And most important. Seeing is not a static process with a fixed field of view. We don't perceive the world as a series of still images.

Then we have to consider what we effectively see and where we want to draw the line in our definition. The Cambridge colour article is very good on explaining this. Actually, computational compiled images such as those used for hdr shots, macro stacked shots and in top range camera phones, are closer to what our brains do pp to the images from the eye.

The discussion is about "how real are the representation made with photography as a technique? Color? Other aspects that affects the differences between outer reality and the photograph as an object?

This is the challenge taken up by the Impressionist painters (and impressionism was a response to the first photographic images) when they tried to paint what the eye actually saw.

Sure. The impression painters tried to represent some aspects about how we perceive - how we "feel" the outer world. I find their approach impressive! So with later development, like Pablo Picasso, that added different moments and perspectives in one and the same frame. And others before and after those, exploring how we experience the world.

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Magnar W
OP Magnar W Senior Member • Posts: 4,456
Re: What focal length for the most realistic pictures?

fferreres wrote:

All, except maybe rectilinear ultra wides because we experience a field as mapping the image into a sphere (mental representation may not be a rectangular paper, which is why perspective, in drawing, needs to be taught, but you'd immediately know if something is done with a very wrong perspective).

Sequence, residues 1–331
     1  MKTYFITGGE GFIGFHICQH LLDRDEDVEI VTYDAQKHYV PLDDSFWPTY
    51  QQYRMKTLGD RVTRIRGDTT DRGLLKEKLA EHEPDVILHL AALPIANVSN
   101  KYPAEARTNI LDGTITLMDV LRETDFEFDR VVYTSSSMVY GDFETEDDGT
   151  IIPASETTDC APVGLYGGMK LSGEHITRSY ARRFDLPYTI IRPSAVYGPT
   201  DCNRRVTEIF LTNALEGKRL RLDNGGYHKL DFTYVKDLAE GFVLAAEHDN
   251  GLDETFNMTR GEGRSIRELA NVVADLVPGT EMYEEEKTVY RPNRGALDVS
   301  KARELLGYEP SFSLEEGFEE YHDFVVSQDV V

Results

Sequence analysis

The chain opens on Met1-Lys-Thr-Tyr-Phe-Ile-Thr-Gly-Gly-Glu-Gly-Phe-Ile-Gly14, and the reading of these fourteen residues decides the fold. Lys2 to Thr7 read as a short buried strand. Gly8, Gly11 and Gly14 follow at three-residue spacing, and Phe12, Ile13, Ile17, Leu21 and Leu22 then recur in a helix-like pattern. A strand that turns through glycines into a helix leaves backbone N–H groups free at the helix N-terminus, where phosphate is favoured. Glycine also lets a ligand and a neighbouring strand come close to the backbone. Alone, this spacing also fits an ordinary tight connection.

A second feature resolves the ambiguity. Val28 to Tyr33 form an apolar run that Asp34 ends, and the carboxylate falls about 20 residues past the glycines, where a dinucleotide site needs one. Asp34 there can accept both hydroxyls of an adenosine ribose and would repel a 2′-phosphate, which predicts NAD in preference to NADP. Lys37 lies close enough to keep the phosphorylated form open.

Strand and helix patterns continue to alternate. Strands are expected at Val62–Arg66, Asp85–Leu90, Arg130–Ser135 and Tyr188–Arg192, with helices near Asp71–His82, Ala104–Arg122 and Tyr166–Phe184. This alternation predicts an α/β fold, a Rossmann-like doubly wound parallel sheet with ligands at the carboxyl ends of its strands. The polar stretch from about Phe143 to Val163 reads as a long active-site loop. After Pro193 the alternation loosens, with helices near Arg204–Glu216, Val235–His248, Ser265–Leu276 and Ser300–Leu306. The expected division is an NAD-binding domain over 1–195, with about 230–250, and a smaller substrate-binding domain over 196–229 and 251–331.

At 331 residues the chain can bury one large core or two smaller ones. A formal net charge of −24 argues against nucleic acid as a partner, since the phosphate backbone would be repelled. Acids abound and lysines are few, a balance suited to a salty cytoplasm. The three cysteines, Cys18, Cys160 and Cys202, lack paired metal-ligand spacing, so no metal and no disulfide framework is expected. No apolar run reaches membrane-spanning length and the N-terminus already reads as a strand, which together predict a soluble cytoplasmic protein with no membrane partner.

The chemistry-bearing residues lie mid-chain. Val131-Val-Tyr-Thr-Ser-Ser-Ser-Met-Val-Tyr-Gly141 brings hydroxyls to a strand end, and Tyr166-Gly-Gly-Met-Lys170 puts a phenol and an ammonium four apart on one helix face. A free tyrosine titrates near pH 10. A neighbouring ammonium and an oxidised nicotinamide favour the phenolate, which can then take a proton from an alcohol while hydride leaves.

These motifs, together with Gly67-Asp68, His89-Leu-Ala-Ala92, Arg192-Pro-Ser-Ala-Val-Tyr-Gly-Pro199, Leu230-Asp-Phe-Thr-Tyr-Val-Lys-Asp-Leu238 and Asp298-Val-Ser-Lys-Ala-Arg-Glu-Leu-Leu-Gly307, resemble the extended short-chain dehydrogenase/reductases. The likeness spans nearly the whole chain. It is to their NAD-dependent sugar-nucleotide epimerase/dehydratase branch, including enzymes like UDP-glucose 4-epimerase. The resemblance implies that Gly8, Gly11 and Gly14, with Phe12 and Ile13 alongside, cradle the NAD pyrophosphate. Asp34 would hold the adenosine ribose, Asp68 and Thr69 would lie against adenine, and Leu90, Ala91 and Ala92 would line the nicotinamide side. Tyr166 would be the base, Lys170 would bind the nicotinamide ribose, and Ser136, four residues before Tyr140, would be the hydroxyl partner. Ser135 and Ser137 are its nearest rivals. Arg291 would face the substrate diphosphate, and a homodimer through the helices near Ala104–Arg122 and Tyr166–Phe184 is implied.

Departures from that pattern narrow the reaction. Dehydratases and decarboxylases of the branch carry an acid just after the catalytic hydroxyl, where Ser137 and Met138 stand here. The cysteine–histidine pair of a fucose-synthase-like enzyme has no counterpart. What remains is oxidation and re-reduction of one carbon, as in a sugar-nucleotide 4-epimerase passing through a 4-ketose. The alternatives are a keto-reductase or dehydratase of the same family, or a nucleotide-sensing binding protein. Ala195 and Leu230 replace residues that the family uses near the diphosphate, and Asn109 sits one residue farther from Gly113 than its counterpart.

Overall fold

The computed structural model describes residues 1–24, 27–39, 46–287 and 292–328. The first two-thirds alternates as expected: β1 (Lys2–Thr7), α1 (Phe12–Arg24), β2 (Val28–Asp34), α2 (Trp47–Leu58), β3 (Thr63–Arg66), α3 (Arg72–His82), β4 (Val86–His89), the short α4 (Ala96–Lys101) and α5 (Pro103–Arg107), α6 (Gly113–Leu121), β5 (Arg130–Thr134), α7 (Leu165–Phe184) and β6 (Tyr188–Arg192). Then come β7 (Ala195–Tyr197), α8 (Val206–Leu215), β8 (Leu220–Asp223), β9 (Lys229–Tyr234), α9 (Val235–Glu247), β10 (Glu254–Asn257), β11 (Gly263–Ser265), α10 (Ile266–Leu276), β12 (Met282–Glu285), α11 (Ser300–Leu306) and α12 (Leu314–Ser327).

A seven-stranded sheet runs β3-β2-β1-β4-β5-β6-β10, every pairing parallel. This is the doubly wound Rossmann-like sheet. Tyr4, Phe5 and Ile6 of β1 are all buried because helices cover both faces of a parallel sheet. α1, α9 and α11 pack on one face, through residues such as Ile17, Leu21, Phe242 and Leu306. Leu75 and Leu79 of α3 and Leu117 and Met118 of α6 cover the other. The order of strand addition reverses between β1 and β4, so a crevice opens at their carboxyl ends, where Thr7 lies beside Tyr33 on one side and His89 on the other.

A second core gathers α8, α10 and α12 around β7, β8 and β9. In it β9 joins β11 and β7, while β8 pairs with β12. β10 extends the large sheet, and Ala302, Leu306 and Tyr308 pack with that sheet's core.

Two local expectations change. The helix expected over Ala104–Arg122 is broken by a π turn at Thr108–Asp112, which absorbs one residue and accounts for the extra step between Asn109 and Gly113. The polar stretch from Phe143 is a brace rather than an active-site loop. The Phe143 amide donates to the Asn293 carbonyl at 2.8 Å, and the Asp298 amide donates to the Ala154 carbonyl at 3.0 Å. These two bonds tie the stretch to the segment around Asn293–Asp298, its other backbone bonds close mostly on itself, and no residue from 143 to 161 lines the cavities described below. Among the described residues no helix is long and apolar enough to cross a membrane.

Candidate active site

May great painters make work with distorted perspective intentionally. It is not wrong, it is just different from what we are used with.

So FL is more about communicating distance to subject, where shorter FL will signal being close, and longer FL would signal not being close to the subject. If it's a beautiful model, a shorter FL may create more intimacy feeling, and if it's a long FL, would create more distance and reduce any effect of perspective.

Sure, for triggering emotions. But in this respect focus length is NOT used for realism, but to strengthen the story that is told.

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fferreres Veteran Member • Posts: 4,148
Re: What focal length for the most realistic pictures?

Magnar W wrote:

fferreres wrote:

All, except maybe rectilinear ultra wides because we experience a field as mapping the image into a sphere (mental representation may not be a rectangular paper, which is why perspective, in drawing, needs to be taught, but you'd immediately know if something is done with a very wrong perspective).

May great painters make work with distorted perspective intentionally. It is not wrong, it is just different from what we are used with.

You asked what's natural. Then deviated into the artistic.

So FL is more about communicating distance to subject, where shorter FL will signal being close, and longer FL would signal not being close to the subject. If it's a beautiful model, a shorter FL may create more intimacy feeling, and if it's a long FL, would create more distance and reduce any effect of perspective.